Perspective: The Economic Impact of All-Inclusive Resorts in Jamaica

There are some 21,454 all-inclusive hotel rooms in Jamaica generating an estimated US$4.0 billion in gross income annually. “Jamaica’s primary tourism product, have many hidden negative consequences and provide limited local economic benefits. Ironically, the Jamaican government runs into debt as they welcome visitors for all-inclusive resorts. Moreover, spending an enormous amount of money on infrastructure may reduce government investment in other critical areas such as education and health. Hence, building infrastructure does not always help to improve the quality of local Jamaicans’ lives, but rather has unfavorable economic effects on the country.

At the same time, there is considerable scope for all-inclusive resorts in Jamaica to improve the benefits to local communities, and increase the money generation into the economy. In fact, according to Hawkes and Kwortnik (2006), locals, governments and other hospitality organizations put a great deal of pressure on Jamaica’s all-inclusive resorts to coexist with local communities.

Promoting and selling tours of the community by local people or employing qualified local persons wherever possible helps the resorts to be involved in community contribution and ease the pressure. Slowly this is beginning to happen, and all-inclusive resorts will find a way to stay in Jamaica with a new vision of sustainability and community contribution.”

A comprehensive plan or strategic growth plan would involve all stakeholders in which firm commitment could be negotiated to impose a development charge to upgrade water and wastewater infrastructure. Provide social services to local communities and creating greater linkages into the Jamaican economy with the hotel industry. At both ends of the spectrum, every single day thousands of gallons of untreated wastewater and tons of garbage are washed out to sea from all major cities and towns in Jamaica. This is not sustainable.

Planning is multi-faceted function just reporting growth and not affecting the fiscal and monetary policies makes the planning institute ineffective. How strategic plans like the Vision 2030 gets implemented shows the weakness in this agency. The strategic plan must be driven by specific action plans including a regional and local plans for development addressing the question of population growth, land uses and how each is interconnected by way of linear infrastructures, road, and utilities. So development planning must have a spatial component to solving the problem of where and how growth should impact the physical environment.

If we were to record successive years of 5% growth rate what would this look like in terms of employment, what are the industries being impacted and where will they be located relative to where people live. For growth to be meaningful it must be orderly and hence a strategic land use and infrastructure plan are needed to avoid what happened with Caymans estate the most suited site for a new reservoir has a housing scheme built on it. These major land use decisions must be planned some 20 years in advance.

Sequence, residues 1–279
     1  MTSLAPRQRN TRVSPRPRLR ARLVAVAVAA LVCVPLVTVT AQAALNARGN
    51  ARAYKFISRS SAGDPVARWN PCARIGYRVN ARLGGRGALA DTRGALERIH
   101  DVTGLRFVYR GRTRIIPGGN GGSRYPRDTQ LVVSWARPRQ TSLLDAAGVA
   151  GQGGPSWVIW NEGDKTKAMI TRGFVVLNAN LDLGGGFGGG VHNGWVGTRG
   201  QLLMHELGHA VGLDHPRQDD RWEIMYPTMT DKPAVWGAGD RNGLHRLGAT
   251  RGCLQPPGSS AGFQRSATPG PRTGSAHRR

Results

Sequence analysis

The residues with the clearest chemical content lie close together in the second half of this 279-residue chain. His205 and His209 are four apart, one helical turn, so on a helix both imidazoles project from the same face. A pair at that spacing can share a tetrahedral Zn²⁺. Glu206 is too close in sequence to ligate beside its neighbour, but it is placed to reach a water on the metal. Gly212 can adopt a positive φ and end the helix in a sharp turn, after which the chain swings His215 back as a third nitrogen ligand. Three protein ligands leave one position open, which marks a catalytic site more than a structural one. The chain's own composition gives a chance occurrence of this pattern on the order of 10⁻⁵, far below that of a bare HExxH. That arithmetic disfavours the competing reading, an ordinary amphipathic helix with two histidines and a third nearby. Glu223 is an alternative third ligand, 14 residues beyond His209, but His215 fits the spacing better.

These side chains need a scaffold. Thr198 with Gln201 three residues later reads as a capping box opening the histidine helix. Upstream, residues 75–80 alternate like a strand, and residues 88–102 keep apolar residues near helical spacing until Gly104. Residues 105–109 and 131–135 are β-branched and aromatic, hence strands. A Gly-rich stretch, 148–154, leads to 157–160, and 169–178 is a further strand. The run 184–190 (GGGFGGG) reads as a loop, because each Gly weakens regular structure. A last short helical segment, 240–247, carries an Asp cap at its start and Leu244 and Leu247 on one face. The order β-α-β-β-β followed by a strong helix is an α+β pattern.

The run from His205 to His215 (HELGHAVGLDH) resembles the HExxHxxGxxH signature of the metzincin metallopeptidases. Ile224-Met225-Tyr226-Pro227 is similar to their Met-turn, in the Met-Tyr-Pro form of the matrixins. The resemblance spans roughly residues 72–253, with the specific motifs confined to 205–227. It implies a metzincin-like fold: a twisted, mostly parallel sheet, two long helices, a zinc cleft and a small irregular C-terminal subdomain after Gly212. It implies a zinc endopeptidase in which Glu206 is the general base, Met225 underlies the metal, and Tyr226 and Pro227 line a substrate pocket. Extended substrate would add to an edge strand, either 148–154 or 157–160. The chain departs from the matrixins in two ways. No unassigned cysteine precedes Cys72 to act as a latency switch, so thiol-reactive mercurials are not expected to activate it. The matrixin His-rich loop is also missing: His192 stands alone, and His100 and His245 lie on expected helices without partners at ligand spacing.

“The Downtown area of Montego Bay, Jamaica needs a special strategy for its comprehensive upgrade. Our intention at the Emerging and Sustainable Cities Initiative is to find specific and adequate, multi-dimensional solutions, which transforms Montego Bay into a more livable place, less informal, less cruel and more inclusionary, also spatially inclusionary including the beautiful shoreline into the urban fabric and capitalize all natural assets of the city, and converting the difficulties into opportunities for all Montigoneans. Montego Bay is a paradise and needs little investment to be truly appreciated by all people, tourists and the locals.”

With an urban population of just over 2 million people, the Jamaican government will need to spend some US$35 billion over the next 15 years to renew its urban infrastructures to be able to accomplish the goals set out in the vision 2030 plan. This would include water, waste-water treatment plants, roads, public buildings, bridges, railroad and commuter rail and transit networks, affordable housing in mixed-income communities, sewer, dams and reservoirs.

The true potential of the National Housing Trust (NHT) could be realized to achieve significant sustainable social and economic infrastructure development. The NHT could be repurposed to focus on becoming the leading funding source for an integrated growth management plan through various partnerships to facilitate transportation focused urban development. This would mean creating more mixed income and mixed-used development within the inner cities of Kingston, Spanish Town, Mandeville, Montego Bay and May Pen.

The concept will serve to drive transportation focused urban development through increased urban densities as part of a strategic urban development initiative to concentrate up to two-thirds (2/3) of the Jamaican population in the five major urban centres guided by an integrated Growth Management Plan. At the core of this Sustainable Development Initiative (SDI) is the development of a modern commuter rail system linking these urban centres.

The objective is to protect our major watersheds and environment from uncontrolled development and at the same time saving billions of dollars in infrastructure spending by focusing on the renewal of current old and existing infrastructure instead of building new ones while creating thousands of good paying jobs for the youths and growth in the economy.

By: Silbert Barrett

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